We’ve left our RV in service departments three times now. We love this for multiple reasons:
- Work gets done in our RV and we don’t have to worry about the hassle of finding a place to stay while the mechanics work.
- IT’S FREE. Well, sometimes it’s free. Our Winnebago Brave is a 2016 and still under warranty. But if your rig isn’t under warranty you were going to need to pay for the repairs anyway. Might as well kill two birds with one stone and save on the costs of lodging while you get the repairs done.
- It’s super safe. If your rig is in the bay or parked behind a dealer or service department, it’s likely safe from break-ins. Most of these places have security cameras, fences, and plenty of employees around during the day.
If you’re a full-timer and need to fly for a few days or a few weeks, one of these tried and true strategies will work for you.
Oh, yes! I almost forgot the best, but also most stressful option!
Bonus option #4: Rent your RV
Services like RVShare and Outdoorsy facilitate peer-to-peer RV sharing. So if you’re a wannabe RVer and want to test the lifestyle, instead of exploring in a gaudy Cruise America, you can rent someone’s actual RV and pay a human being instead of a big corporation. But if you’re a full timer like us, posting your RV on one of these sites, isn’t very realistic.
However, in March of this year, Heath and I flew to Salt Lake City to go skiing for a week. Our friend, Wes, told us he was trying RVShare for the first time during that same week to drive to SXSW for a film shoot. Our plans to put the RV in service fell through when they said they actually couldn’t fit us in until October, so we offered to rent our RV to Wes instead. We gave him a lower rate than he was going to get with RVShare AND we made enough money to pay for our vacation. Can you say most epic deal of all time? It was incredible.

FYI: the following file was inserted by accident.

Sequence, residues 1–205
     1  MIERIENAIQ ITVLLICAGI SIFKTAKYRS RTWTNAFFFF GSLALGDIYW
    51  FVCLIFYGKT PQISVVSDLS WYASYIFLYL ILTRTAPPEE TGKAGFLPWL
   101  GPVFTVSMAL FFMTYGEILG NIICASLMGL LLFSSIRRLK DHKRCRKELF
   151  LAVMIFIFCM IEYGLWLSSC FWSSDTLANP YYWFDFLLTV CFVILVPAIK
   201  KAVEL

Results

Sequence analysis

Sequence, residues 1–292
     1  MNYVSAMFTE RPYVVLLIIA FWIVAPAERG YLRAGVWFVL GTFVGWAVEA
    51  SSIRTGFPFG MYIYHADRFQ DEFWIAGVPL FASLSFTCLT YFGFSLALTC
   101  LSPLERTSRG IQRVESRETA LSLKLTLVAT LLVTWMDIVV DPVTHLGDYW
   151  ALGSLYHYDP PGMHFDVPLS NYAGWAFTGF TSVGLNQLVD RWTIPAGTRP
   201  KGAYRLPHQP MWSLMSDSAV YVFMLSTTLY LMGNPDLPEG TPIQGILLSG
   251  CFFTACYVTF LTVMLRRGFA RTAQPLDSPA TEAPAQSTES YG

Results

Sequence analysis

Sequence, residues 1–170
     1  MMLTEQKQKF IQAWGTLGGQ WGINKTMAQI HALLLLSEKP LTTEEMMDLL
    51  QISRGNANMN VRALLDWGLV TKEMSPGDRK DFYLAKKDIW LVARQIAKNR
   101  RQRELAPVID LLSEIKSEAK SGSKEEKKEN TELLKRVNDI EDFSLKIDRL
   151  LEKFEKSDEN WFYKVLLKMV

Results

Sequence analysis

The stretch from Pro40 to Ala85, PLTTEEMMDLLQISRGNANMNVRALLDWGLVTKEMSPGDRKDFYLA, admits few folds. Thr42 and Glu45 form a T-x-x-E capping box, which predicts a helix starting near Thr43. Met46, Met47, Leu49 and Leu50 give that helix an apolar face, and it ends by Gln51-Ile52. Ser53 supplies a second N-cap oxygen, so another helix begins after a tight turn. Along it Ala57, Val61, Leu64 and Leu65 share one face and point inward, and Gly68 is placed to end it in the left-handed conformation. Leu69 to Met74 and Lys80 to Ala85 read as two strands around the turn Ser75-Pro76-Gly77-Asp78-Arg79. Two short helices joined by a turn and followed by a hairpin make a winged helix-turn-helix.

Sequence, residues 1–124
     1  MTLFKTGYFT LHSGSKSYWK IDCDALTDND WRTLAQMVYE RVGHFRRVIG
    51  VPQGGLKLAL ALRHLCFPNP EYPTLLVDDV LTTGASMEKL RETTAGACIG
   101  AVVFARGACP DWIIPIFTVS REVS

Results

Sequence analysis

- We made money instead of spending money.
- Someone who knew relatively nothing about RVs was driving our house from Nashville to Austin. No lies: this was super nerve-wracking. We love and trust Wes and if nothing else, our rig was under warranty. This made it no less stressful, but making money while on vacation is always awesome, so the pros outweigh the cons for me.
Leaving your house on wheels unattended is always a little stressful, but hopefully one of these four options will help you take care of your RV while you jet across the country.